This Article reveals the hidden influence of slavery in contemporary law and explores the issues created by the profession’s failure to address this legacy. It finds that slave cases are cited at equivalent rates to other cases decided at the same time in the same courts and uses newly available citation data to estimate that 18% of all American reported cases are within two citations of a slave case. The pervasive influence of the law of slavery on contemporary American law raises hard questions about what it means to acknowledge and redress the terrible damage that slavery inflicted. It also raises questions about the law these deci- sions helped create. Scholars and judges have mostly avoided these questions by treating slave cases, especially those involving routine legal matters, as ordinary law. This Article suggests that this treatment is unjustified. Slave cases are too deeply entwined in American law to completely excise their influence but ignoring that influence should no longer be an option.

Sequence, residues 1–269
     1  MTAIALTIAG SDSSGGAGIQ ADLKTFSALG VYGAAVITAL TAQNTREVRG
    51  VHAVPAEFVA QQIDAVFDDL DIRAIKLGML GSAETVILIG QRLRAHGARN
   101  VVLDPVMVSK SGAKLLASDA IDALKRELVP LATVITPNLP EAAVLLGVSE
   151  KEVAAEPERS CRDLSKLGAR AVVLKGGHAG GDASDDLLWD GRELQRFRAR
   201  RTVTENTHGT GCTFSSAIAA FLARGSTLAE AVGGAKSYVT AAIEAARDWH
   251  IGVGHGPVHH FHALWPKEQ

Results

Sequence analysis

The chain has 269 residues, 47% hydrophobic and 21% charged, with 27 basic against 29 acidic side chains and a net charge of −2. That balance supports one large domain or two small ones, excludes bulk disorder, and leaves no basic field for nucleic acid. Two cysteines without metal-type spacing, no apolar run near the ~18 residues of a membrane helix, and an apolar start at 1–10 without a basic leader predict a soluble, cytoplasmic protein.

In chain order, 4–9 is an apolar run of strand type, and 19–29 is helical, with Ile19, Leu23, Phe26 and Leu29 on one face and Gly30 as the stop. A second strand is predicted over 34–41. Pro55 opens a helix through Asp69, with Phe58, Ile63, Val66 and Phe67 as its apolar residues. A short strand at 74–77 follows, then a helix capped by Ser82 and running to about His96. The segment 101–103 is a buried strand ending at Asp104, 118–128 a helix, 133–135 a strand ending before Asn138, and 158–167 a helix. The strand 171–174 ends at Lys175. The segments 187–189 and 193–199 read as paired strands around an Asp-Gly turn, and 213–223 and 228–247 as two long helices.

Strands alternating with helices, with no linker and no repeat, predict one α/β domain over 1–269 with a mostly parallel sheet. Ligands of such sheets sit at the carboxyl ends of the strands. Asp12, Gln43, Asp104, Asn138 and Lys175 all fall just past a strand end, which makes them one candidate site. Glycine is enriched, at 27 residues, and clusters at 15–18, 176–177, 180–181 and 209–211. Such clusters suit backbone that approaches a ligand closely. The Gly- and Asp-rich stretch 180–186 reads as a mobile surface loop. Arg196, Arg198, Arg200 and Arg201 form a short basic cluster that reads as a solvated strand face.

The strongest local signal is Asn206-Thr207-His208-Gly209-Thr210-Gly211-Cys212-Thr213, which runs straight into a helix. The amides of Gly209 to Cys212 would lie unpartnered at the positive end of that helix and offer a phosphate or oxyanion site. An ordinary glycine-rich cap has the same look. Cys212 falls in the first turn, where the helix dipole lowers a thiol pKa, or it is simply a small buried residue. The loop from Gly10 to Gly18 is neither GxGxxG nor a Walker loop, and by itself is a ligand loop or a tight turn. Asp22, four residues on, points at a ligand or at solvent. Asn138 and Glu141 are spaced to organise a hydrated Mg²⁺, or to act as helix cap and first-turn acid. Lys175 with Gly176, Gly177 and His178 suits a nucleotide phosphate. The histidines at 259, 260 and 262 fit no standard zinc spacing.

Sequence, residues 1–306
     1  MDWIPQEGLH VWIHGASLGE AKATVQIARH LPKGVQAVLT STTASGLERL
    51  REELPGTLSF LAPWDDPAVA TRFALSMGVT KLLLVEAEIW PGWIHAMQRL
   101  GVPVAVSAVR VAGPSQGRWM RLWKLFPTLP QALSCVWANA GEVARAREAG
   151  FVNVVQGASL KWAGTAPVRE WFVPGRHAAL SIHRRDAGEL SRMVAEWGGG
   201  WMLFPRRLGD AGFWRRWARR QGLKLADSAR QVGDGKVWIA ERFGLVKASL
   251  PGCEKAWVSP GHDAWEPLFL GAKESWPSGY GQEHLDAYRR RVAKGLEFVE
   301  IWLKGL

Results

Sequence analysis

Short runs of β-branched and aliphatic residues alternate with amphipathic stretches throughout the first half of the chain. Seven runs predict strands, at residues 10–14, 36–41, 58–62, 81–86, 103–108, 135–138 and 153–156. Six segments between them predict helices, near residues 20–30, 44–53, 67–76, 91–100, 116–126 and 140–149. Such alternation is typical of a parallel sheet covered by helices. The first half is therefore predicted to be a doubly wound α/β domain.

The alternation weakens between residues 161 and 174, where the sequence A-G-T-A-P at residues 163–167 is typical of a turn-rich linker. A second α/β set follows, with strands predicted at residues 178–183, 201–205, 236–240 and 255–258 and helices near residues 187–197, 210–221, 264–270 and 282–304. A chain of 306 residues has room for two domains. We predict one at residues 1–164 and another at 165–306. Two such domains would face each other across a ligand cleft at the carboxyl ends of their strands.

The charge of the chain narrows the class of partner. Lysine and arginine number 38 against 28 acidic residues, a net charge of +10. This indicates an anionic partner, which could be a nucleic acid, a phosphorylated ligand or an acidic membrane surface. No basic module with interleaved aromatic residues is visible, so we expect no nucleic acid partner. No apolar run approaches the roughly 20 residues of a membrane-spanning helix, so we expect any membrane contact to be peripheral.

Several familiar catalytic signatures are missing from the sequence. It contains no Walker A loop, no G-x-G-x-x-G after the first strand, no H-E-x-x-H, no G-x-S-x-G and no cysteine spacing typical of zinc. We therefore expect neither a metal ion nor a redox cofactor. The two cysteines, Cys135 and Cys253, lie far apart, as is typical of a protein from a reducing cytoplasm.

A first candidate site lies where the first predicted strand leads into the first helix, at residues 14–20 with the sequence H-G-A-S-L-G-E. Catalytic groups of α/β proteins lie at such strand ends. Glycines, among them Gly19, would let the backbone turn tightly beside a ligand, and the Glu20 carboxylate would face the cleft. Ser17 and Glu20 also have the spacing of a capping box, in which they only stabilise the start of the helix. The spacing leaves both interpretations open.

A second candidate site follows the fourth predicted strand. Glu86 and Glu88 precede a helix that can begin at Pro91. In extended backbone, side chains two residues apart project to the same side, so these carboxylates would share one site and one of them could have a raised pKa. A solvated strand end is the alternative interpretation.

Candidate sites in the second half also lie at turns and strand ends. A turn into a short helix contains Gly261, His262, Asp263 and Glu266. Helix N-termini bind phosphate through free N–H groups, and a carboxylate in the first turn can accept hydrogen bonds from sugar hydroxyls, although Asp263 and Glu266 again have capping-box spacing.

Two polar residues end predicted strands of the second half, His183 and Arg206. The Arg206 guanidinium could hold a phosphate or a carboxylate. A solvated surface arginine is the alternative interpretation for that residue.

“A fully operational HB 7 will enable a purge of race scholarship and race scholars in Florida’s colleges and universities, as a result of the law’s targeting of these scholars and their scholarship.”
Although cloaked in the rhetoric of rehabilitation and restorative justice, prison industries have an ugly and disturbing history that is entwined with slavery and post-Civil War Reconstruction-era judicial policies. The continued racial disparities in the U.S. prison system require a
Brooks Emanuel∞ Abstract This article argues that because of the North Carolina Supreme Court’s failure to perform its statutorily mandated comparative proportionality review of all death sentences, North Carolina’s imposition of the death penalty violates the Eighth and Fourteenth Amendments
I understood death to be an essential part of life, but understanding this fact still didn’t make the experience of losing someone dear any easier.